Thursday, August 16, 2012

Barges, Bridges, and Mules: The Story of the Delaware & Raritan Canal

Barges, Bridges, and Mules: The Story of the Delaware & Raritan Canal
Written by NJ Historian


New Jersey’s longest state park it is an expansive water and trail network that provides visitors with access to natural beauty, history, and recreation. However, less than 100 years ago, the Delaware and Raritan Canal was a bustling enterprise, employing hundreds and transporting goods and materials between New York and Philadelphia, aiding in the economic growth of the United States during and after the Industrial Revolution.

Bridge Tender's home in Griggstown.
The Delaware and Raritan Canal was formed in order to provide a water route from the Delaware River to the Raritan River, connecting Philadelphia and New York. Once built, ships would no longer need to sail down the Delaware River into the Delaware Bay and up the Jersey coast to reach ports in New York City. The canal start and end points were chosen to be at Bordentown and New Brunswick, as these were the two cities on their respective rivers that ships could navigate to before the rivers became too shallow.

In 1830, the Delaware and Raritan Canal Company was incorporated. In 1831, by an act of the New Jersey State Legislature, the canal company and the Camden and Amboy Railroad were combined as Joint Companies, in order to reduce the possibilities of competition. Construction of the canal began in November 1830 in Kingston under the supervision of Canvass White. Thousands of workmen, both local and foreign, were employed to dig the canal. The workers, a majority of whom were Irish immigrants, used picks, shovels and horse-drawn scoops. When complete, the main canal was forty-four miles long, seventy-five feet wide, and seven feet deep. A feeder canal was built to supply water to the main canal. The feeder canal collects water from higher elevations to the north, and feeds it to the highest section of the main canal, which flows generally north and east to the end. The feeder was twenty-two miles long, fifty feet wide and six feet deep. The canal system was completed in 1834, totaling sixy-six miles, at an estimated cost of $2,830,000.

Lock #8 and lock tender's house, Kingston.
The canal consisted of fourteen locks, which allowed ships to travel between the differing elevations across New Jersey. Traveling north through seven locks, the vessels were lifted fifty-eight feet to the summit (highest point of the canal) in Trenton. Seven more locks lowered the boats to tidewater at New Brunswick. Over fifty bridges were built along the canal. These bridges were originally built as an “A frame” structure with cables to the bridge deck for support, while underwater cables allowed the bridge to pivot so it paralleled the canal to allow barges to pass. Around the turn of the twentieth century, heavier traffic on the bridges caused the canal company to replace the “A frame” bridges with swinging king post bridges, which were easier to operate.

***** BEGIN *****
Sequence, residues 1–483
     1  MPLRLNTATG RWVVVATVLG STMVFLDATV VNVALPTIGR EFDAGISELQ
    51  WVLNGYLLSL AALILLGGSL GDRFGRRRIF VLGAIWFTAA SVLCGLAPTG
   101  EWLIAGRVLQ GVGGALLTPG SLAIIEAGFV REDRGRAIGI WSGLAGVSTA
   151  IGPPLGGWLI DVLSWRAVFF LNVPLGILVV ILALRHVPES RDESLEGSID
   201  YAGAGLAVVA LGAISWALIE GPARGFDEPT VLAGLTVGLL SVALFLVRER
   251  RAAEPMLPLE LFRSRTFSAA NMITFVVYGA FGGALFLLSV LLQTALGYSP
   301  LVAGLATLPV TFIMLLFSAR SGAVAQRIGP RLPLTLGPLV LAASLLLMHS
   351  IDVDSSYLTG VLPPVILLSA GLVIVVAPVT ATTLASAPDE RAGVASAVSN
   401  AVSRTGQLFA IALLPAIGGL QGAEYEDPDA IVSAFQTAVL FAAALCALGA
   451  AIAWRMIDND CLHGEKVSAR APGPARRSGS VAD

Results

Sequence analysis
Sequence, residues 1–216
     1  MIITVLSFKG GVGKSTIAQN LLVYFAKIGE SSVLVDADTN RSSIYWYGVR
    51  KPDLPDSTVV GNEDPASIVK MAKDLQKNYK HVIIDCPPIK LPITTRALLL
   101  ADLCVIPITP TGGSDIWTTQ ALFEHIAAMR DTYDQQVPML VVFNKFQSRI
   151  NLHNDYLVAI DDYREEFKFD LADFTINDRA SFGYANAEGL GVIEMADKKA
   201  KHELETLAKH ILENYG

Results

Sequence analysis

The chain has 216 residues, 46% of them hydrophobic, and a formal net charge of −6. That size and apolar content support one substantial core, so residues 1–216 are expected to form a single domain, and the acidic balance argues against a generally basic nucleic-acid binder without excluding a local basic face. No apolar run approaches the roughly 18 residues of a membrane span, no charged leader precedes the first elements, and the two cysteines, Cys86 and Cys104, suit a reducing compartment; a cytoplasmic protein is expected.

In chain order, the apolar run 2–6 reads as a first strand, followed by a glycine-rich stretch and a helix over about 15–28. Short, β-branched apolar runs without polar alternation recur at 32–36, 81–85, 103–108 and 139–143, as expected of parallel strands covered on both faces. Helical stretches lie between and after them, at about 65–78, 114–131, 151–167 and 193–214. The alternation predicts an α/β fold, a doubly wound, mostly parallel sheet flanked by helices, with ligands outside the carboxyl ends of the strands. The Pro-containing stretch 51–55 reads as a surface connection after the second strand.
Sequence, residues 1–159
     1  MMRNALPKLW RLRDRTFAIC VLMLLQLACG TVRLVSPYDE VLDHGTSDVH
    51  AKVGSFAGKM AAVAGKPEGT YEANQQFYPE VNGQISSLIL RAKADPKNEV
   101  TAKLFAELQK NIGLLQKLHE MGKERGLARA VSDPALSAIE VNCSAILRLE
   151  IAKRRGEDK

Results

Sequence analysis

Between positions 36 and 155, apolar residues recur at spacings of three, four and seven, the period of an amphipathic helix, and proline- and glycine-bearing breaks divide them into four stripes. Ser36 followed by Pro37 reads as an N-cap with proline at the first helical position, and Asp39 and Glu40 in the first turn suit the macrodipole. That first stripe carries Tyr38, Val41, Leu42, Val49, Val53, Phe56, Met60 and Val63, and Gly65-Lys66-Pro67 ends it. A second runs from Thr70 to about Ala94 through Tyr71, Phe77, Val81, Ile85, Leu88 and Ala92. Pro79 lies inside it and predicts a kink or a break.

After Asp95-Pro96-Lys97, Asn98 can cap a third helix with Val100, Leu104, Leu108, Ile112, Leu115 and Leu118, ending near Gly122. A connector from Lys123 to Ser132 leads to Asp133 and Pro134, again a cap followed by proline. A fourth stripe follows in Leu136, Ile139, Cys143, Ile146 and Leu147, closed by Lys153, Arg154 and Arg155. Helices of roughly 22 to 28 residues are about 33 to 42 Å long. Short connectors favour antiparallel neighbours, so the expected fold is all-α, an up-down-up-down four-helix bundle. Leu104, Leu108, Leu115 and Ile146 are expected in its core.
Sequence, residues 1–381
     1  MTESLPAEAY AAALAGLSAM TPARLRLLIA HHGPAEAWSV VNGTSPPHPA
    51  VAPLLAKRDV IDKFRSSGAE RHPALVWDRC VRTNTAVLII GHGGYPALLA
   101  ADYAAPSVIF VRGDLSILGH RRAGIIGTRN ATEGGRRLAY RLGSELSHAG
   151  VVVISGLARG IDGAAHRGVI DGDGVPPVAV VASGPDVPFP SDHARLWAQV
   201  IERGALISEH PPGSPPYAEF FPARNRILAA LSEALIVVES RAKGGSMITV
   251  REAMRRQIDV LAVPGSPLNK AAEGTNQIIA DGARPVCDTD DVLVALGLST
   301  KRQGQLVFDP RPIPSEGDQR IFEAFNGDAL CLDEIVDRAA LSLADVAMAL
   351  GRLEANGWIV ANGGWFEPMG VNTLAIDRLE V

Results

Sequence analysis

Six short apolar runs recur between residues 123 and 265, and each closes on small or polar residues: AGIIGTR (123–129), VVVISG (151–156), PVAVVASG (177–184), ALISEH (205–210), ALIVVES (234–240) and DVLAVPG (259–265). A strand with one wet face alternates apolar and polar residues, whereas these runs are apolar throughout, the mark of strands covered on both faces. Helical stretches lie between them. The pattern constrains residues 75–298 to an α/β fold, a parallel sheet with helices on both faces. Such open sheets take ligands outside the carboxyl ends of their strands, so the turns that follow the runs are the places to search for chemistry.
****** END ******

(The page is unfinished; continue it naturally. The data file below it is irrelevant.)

"A frame" canal bridge #18 at Griggstown. 
Approximately 3,000 Irishmen worked on the canal. A majority of them were brought from New York by canal contractors. Their pay was $1.00 per day from working sunup to sundown, six days a week. Stronger men were paid twenty-five cents extra for each tree stump they removed. The more skilled masons and carpenters were used to build the locks, lockhouses, bridges, aqueducts and the other buildings needed for the canal. Work conditions were unsavory, as they were crowded into tents with no sanitation, medical facilities, poor food, and long hours. Between 1832 and 1833, a cholera outbreak sickened many of the workers and an epidemic made its way through the camps. Hundreds perished and were buried along the canal in unmarked graves. Graves of unknown workers are located at Bulls Island, Ten Mile Run, the Griggstown Cemetery, and at various locations on the canal’s banks.

Along the canal, it was necessary to have lock tenders and bridge tenders, to operate the locks and bridges to keep traffic flowing smoothly. Since some locations were remote, it was necessary to house these canal workers at the bridges and locks. Between 1830 and 1835, the canal company built homes to house their workers. Each house was occupied by a canal company employee whose duty was to tend the adjacent bridge or lock. These houses were provided as part of the compensation to lock and bridge tenders and their families. The job was often a family affair and it was not unusual for a bridge tender to die at an advanced age while still employed or for a widow to take over as bridge tender. A few bridge tenders lived out the rest of their lives in the houses as renters after the canal closed in 1932. A total of fifteen lock houses and fifty-one bridge houses were built along the canal. Only nineteen remain today. The lock tender’s home in Kingston is open to the public along with the bridge tender’s homes in Blackwells Mills and Port Mercer.